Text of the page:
How do we achieve this? To do this I first put 0.720g of ZnBr2 into a 10mL volumetric flask, then dissolved that into 1mL of distilled water. I then added as much 1M TBABr solution as needed to fill the volumetric flask to 10mL. The total concentration of ZnBr2 is around 0.33M but a lot of “solid” precipitates out of solution, forming a high viscosity phase with the consistency of honey that is made almost entirely out of TBABr. If we agitate the flask, this phase gets suspended into solution quite easily, forming a cloudy suspension (see image above).

Evolution of CE and EE as a function of the cycle number. The cell was charged to 500 uAh and discharged to 0.5V, both at 1mA.

I then built a battery within my graphite electrode Swagelok cell using a zinc anode, 8 layers of fiber glass separator and a carbon felt cathode. I then added 100uL of the above prepared suspension right after agitating the flask vigorously, allowing the material to wick through the cell for a minute before closing the Swagelok cell.

I have since started doing charge/discharge cycles of this cell with very interesting results (see above). The cell initially had relatively low coulombic efficiency (CE) and energy efficiency (EE) values, but these started improving as the cell was cycled. My hypothesis is that – per my previous explanation – the solid is first randomly distributed within the cell but gets organized and deposited within the cathode as the number of charge/discharge cycles increases. I believe this greatly improves the formation of the TBABr3 within the cathode and prevents the solubilization of the perbromide, which reduces self-discharge and therefore increases the cell’s efficiency.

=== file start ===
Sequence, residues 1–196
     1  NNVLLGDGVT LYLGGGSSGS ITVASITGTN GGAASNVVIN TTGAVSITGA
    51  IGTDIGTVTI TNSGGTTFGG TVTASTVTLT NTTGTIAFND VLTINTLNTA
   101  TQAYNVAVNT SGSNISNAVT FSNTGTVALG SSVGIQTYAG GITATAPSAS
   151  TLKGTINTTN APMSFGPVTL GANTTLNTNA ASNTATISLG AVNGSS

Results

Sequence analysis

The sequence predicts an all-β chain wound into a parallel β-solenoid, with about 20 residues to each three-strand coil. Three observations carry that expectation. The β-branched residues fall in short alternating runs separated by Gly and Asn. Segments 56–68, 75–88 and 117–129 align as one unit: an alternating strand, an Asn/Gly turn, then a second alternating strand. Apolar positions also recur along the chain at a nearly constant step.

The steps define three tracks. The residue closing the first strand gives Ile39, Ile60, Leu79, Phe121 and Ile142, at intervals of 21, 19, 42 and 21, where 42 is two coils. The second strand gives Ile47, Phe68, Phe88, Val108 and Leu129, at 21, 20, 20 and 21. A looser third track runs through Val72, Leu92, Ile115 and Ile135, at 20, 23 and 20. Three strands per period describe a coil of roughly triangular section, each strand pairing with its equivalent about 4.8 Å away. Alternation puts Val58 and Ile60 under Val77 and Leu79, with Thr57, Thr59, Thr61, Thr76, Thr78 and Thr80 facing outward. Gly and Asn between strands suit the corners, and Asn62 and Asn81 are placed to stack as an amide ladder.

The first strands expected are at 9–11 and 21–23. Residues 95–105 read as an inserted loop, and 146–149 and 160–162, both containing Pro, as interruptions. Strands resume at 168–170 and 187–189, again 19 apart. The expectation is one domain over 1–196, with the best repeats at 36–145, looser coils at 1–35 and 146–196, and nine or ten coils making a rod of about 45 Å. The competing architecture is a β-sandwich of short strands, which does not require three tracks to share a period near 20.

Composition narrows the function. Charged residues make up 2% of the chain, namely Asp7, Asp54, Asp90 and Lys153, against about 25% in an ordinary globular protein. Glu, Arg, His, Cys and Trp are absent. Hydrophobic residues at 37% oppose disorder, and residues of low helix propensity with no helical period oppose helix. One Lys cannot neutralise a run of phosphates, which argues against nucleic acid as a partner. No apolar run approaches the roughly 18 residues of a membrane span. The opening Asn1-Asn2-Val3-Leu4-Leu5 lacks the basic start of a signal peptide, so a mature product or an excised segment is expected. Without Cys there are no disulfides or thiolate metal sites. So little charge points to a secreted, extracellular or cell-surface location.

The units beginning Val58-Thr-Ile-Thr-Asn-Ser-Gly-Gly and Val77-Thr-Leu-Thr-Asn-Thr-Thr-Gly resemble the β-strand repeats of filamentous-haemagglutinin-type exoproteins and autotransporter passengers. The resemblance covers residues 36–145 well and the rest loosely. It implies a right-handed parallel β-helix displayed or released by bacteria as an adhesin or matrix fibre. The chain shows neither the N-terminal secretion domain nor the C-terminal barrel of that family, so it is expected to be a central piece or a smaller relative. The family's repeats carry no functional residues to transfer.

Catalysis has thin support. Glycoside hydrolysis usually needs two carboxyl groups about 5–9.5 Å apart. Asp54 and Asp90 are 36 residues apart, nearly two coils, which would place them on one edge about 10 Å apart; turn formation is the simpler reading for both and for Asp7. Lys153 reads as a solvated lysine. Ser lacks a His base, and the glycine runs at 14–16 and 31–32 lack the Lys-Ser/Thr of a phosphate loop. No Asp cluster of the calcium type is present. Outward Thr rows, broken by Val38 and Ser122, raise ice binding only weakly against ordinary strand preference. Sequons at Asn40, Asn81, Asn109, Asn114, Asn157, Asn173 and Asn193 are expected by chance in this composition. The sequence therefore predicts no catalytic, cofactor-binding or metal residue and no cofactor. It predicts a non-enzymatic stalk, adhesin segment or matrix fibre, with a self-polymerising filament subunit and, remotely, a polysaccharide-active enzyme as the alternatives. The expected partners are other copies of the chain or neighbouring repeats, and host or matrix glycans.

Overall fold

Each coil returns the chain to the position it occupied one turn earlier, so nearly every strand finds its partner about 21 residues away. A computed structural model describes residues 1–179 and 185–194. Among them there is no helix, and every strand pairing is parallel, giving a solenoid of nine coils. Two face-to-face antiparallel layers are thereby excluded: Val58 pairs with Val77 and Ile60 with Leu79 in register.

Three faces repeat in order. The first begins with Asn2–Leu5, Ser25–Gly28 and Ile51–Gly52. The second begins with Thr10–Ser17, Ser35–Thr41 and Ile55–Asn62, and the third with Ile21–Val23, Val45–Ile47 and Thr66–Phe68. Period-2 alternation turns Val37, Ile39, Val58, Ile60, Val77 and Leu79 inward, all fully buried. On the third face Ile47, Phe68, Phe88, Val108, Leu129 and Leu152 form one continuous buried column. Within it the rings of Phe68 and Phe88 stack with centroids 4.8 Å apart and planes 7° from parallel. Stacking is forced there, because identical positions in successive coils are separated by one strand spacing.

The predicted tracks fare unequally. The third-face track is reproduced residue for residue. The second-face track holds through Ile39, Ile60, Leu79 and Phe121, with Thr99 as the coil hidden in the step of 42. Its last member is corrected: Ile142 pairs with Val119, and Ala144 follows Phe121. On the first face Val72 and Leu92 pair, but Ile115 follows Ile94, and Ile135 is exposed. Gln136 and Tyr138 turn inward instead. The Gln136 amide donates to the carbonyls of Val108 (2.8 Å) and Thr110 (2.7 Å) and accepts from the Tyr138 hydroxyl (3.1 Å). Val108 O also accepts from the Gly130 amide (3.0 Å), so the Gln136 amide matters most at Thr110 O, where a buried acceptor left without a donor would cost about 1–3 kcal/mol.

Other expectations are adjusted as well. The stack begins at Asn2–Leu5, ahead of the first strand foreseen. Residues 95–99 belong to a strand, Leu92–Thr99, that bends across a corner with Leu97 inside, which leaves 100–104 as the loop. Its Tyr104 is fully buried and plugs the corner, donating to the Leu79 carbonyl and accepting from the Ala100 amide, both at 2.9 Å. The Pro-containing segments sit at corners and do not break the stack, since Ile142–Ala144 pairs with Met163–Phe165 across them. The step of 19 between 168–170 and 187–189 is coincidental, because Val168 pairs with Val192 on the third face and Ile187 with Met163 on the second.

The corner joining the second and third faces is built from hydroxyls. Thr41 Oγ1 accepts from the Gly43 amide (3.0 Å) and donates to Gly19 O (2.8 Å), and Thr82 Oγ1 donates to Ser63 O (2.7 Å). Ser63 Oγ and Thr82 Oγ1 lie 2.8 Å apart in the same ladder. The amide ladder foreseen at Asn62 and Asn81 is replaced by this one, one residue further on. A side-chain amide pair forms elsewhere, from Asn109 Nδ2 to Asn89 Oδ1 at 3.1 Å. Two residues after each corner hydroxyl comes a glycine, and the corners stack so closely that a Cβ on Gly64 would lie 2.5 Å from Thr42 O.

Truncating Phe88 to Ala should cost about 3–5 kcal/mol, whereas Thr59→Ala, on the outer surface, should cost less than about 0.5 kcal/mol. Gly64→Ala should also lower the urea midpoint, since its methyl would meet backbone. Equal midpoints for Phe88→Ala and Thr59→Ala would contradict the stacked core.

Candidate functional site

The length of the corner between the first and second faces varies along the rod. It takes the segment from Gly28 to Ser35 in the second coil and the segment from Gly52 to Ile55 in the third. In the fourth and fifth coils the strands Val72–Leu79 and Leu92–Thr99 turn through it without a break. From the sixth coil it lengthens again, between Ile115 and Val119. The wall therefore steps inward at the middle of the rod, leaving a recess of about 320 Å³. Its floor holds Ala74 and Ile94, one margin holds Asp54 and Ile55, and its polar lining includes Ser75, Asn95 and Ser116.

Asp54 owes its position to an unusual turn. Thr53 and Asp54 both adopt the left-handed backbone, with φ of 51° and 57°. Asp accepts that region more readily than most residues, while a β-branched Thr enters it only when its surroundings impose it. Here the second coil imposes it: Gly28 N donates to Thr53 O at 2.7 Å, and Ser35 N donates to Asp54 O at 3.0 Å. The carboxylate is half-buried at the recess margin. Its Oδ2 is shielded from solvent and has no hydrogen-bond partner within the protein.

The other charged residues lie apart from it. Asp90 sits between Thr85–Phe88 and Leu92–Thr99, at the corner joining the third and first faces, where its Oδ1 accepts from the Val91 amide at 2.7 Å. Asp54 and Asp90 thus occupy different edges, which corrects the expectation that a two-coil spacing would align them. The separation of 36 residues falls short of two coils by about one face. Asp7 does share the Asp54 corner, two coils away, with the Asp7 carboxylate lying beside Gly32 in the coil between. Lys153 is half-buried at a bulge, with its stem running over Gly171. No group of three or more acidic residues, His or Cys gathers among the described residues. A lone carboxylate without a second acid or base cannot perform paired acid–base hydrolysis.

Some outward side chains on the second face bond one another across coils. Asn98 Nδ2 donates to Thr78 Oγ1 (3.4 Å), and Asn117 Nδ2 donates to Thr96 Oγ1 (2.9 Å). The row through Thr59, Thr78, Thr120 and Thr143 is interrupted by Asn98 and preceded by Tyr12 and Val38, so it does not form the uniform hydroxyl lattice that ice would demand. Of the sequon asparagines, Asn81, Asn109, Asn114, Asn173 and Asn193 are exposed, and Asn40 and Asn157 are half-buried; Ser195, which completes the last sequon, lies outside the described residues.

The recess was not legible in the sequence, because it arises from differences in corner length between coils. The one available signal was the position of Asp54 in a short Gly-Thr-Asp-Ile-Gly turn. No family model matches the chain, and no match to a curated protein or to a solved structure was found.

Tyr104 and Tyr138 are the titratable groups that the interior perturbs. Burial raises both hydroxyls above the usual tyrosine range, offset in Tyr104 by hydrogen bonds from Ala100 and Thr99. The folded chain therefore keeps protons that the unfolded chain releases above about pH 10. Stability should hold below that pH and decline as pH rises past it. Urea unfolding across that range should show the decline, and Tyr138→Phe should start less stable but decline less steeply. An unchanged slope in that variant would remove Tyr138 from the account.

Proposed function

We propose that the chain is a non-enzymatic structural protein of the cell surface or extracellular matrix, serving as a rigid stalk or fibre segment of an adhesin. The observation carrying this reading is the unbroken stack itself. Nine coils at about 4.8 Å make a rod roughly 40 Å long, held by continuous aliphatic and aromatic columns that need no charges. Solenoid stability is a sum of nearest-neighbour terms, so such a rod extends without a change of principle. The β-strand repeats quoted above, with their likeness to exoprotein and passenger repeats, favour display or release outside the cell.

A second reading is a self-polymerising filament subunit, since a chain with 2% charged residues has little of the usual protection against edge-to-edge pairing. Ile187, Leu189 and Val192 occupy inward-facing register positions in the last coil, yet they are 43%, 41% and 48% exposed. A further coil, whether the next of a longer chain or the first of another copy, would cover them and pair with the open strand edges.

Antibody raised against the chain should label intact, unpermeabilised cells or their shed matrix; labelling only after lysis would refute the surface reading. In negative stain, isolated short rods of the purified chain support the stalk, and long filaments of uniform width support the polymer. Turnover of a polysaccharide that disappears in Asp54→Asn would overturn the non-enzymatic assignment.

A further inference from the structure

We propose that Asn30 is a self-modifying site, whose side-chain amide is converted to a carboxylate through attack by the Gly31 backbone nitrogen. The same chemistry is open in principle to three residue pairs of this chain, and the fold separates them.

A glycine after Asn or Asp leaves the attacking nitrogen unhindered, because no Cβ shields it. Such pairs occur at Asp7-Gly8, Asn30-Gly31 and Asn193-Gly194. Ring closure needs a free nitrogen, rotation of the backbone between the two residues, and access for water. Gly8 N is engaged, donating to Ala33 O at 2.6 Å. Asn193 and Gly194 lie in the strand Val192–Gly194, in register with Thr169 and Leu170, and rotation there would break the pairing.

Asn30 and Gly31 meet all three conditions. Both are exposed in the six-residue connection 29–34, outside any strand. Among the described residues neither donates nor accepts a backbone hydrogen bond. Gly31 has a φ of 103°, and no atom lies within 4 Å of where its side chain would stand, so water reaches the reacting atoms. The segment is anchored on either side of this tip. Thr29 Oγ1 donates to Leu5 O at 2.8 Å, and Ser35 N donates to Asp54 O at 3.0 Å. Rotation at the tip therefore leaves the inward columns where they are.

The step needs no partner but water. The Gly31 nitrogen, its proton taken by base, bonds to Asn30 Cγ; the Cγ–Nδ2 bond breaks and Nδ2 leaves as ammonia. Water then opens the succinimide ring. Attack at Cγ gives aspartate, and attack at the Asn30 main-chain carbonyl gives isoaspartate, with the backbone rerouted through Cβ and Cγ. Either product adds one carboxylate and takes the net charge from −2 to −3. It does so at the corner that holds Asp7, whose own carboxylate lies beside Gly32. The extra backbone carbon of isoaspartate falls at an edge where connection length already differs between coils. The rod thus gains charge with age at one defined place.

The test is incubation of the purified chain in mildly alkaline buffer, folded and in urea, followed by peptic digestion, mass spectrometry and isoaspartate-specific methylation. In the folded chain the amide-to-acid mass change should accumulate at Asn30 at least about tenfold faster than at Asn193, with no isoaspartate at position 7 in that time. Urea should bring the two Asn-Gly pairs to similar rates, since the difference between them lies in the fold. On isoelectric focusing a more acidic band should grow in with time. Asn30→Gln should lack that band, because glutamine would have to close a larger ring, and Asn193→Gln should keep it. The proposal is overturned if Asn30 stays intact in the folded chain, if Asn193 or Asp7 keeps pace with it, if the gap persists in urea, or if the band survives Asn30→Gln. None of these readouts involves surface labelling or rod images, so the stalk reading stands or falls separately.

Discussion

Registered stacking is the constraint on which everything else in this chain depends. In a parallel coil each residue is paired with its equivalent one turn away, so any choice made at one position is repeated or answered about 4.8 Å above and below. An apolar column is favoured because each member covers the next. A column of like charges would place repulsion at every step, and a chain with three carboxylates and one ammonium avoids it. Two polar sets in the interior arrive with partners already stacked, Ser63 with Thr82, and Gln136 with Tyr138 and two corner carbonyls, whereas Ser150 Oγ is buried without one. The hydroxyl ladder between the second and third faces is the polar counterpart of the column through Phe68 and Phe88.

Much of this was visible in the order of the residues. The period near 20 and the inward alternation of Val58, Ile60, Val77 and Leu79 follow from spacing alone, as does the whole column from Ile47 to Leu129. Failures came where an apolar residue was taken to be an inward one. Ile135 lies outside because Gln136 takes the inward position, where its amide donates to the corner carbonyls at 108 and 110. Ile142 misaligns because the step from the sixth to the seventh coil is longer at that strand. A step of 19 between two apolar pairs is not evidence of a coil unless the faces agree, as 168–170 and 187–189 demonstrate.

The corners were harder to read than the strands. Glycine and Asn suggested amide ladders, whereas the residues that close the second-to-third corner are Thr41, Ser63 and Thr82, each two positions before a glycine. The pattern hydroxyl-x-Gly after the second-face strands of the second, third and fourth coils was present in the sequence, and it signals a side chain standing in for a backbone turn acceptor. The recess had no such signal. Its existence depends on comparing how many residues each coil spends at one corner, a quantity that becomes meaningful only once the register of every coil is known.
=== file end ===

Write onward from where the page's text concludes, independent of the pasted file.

All charge/discharge curves for the cell up until now.

I believe we can see some experimental evidence for this hypothesis as we see a “shoulder” emerge at the start of the charge phase as the number of cycles increases. I think this is consistent with a significant amount of TBABr deposited close to the cathode interface after discharge, which creates a higher resistance to current flow that subsides as the TBABr3 starts forming and this TBABr dissolves back into solution. This is of course an interpretation based on very limited information and I would be thrilled to know what any of you think about the evolution of the charge/discharge curves and what you believe they are telling us. I will continue cycling this cell during the next 2-3 days, to see how the cell stabilizes and whether the CE and EE start going down after.

With that said, it seems pretty clear that TBABr by itself is not going to be an adequate sequestering agent. I will be trying to use PEG200 to increase its solubility – as discussed in some of my previous posts – but I also already ordered TMPhABr (trimethylphenylammonium bromide) as I believe this will be a way better sequestering agent for these devices.